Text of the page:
Tuesday, February 28, 2012

Restoring a Lost Friendship

Two Girls Reading in a Garden by Pierre-August Renoir

Forty-seven years ago three 11-year-old girls in a group of four ostracized the fourth because she was the prettiest. While this had not posed a problem during their younger years, it was quite apparent that the boys in their sixth grade class had their eyes on the prettiest one, and so the other three were jealous. The three girls teased Cheryl during recess, mimicking her mannerisms and speech. I was one of the three. I don’t remember behaving this way, but then we tend not to remember our own misdeeds. I'm sure it never occurred to me that my behavior would result in the end of a friendship I cherished. But Cheryl was badly hurt, and so she abandoned us and found other friends.

I never took responsibility for the loss of that friendship, always blaming Cheryl for dropping me in favor of the “cool” pretty girls, not realizing they just happened to be the girls who treated her kindly and welcomed her into their circle. We didn’t speak to each other all through junior high and high school, but I never forgot her, and she continued to visit me in my dreams throughout our adulthood. At our twentieth high school reunion Cheryl – now Cheri – and I finally spoke to each other. Cheri smiled at me and exclaimed warmly: “Emily! You look exactly the way I remembered you!”

“I was hoping to see you here!” I responded, overwhelmed with emotion.

“Look, she’s twinkling!” Cheri said to our husbands. Then the tears that had been sparkling in my eyes spilled over, and sobbing, I confided to her about the dreams that had haunted me for so many years, and the sadness I felt about our broken friendship.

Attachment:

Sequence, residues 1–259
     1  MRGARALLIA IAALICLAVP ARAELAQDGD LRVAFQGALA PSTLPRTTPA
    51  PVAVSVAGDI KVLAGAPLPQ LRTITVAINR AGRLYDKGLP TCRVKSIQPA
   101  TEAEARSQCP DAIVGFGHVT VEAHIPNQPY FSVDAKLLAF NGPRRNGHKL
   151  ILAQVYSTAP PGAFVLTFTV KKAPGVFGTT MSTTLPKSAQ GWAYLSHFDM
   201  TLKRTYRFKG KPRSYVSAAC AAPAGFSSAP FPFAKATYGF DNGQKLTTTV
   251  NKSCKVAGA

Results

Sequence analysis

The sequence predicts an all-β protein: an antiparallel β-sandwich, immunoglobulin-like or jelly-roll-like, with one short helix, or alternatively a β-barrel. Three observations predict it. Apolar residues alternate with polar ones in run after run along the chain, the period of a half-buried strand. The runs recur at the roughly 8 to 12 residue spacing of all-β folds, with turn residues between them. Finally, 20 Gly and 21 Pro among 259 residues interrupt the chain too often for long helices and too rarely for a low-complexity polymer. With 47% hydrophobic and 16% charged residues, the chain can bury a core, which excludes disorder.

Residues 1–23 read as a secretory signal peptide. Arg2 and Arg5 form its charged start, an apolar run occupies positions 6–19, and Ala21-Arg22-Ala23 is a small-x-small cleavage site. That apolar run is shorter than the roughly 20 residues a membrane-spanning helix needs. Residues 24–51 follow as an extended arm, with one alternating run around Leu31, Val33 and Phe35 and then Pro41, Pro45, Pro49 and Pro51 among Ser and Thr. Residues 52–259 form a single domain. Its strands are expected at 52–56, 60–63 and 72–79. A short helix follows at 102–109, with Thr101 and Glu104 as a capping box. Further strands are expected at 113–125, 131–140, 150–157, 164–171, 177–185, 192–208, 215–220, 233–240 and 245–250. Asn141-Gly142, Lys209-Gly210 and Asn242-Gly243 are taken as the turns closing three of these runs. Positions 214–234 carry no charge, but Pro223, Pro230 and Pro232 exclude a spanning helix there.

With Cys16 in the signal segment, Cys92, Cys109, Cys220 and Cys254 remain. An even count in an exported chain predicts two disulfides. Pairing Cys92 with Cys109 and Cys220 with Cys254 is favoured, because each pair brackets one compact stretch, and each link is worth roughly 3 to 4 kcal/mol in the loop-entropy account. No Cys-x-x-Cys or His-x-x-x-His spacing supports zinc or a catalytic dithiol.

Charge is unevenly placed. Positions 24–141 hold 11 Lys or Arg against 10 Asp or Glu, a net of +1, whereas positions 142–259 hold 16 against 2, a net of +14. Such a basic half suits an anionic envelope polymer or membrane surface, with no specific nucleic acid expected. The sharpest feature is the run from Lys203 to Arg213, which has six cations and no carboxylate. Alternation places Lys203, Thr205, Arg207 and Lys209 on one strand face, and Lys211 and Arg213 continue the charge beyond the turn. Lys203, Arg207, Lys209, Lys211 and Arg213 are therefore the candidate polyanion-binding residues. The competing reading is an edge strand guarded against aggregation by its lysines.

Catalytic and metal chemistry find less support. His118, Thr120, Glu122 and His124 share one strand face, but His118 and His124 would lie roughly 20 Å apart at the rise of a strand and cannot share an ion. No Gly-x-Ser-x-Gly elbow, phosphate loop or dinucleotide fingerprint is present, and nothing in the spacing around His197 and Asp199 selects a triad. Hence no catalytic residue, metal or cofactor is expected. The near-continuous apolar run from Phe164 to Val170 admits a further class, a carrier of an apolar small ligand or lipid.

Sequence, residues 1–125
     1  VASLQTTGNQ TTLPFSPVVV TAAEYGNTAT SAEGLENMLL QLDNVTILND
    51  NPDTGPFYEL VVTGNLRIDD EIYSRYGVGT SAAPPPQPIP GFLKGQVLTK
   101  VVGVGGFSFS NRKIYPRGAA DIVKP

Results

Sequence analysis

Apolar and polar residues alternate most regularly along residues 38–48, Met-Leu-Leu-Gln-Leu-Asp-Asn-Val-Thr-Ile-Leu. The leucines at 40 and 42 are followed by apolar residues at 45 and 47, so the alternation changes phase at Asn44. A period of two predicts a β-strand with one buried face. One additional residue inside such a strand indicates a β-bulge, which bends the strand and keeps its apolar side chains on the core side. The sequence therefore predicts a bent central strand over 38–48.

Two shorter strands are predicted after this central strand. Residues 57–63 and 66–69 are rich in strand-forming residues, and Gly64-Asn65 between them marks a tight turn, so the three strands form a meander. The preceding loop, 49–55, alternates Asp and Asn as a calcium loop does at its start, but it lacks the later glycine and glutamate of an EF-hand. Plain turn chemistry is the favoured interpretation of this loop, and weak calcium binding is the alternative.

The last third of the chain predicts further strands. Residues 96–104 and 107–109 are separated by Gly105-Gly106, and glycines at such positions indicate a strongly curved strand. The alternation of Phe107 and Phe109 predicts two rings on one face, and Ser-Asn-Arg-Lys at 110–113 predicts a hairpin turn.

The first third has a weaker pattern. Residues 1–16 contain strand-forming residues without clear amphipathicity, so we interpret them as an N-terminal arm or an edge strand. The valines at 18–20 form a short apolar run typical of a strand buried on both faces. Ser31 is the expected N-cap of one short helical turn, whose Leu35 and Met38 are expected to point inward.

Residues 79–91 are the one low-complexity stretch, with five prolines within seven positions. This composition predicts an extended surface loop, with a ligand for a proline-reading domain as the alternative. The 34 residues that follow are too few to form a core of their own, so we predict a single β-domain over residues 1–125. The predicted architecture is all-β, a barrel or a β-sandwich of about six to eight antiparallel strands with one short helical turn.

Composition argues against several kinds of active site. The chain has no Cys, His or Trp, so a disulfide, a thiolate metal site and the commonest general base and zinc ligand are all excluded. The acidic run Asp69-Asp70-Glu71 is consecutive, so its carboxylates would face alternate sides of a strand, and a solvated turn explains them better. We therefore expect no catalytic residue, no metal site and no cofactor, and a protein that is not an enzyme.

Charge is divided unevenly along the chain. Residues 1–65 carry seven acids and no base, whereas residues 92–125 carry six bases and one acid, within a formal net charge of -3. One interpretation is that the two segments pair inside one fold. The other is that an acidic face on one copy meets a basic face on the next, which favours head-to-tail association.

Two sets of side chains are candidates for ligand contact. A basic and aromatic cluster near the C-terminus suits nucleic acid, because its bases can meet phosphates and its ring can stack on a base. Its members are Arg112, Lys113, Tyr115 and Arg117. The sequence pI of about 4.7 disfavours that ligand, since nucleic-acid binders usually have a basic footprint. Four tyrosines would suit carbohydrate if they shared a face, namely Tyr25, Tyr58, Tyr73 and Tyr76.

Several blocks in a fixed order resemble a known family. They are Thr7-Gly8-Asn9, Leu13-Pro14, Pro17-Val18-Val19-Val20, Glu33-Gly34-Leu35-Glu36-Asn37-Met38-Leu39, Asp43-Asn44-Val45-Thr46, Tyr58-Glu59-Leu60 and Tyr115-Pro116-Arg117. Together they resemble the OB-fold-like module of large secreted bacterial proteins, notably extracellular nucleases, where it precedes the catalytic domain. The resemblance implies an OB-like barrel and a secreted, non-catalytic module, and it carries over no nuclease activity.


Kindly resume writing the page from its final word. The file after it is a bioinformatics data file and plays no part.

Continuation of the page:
“But I have only fond memories of you,” she said. “Our friendship was very precious to me and I’ve always remembered it that way.” She handed me a tissue for my tears. “We used to share a lot of things, didn’t we?”

As I wiped away my tears I felt myself cleansed and forgiven. After the reunion I returned home to central New York and Cheri to Florida, but we exchanged Christmas cards and friendly notes every year for another twenty years. However, it wasn’t until last year, that we started to e-mail each other and open up about the misunderstanding of our past. I learned why it was that Cheri walked out of my life so long ago, and I understood. We realized what a mistake we had both made by coming to wrong conclusions about each other and not communicating. But then we were only eleven years old! Many adults make the same mistake, and so end relationships that could have been saved by an honest heart-to-heart talk.

When we were children, Cheri and I enjoyed reading the same books, spending time in nature, and working on school projects together. Now we are discovering that we still share many of the same interests, and we’re making up for the lost years. This experience has taught me not to give up on an estranged friend before extending an offer to rebuild the crumbling bridge between us. I can only hope that as people build and rebuild stronger bridges between themselves, the bridges of oneness with all of humanity will become stronger as well!

Monday, February 27, 2012

The Unity Bridge

Yesterday morning my husband and I drove to Albany and attended the Unity Church that's right near our daughter and son-in-law's apartment. We went there three years ago when visiting for Mother's Day and have always wanted to go back. If only it wasn't an hour-and-a-half drive from our home! Both services have been uplifting and joyful. Instead of confessing our sins, we say affirmations such as this:

I am loving, creative and powerful;
for I embody the Love, Creativity,
and Power of my Creator. 

Instead of the Apostle's Creed, we read the Statement of ONENESS:

The power of Christ Love now releases me from any sense of separation from Spirit or others.
There is only One Presence and One power in my Life and in the Universe, 
that One is God, the Good, Omnipotence.

For those of you who have trouble with the word "God" because it conjures up images of the judgmental father with a white beard sitting on a throne in the clouds, be assured that Unity members understand God as Divine Mind, Divine Universe, Divine Spirit, Mother-Father God - which is Love, Light, and Peace.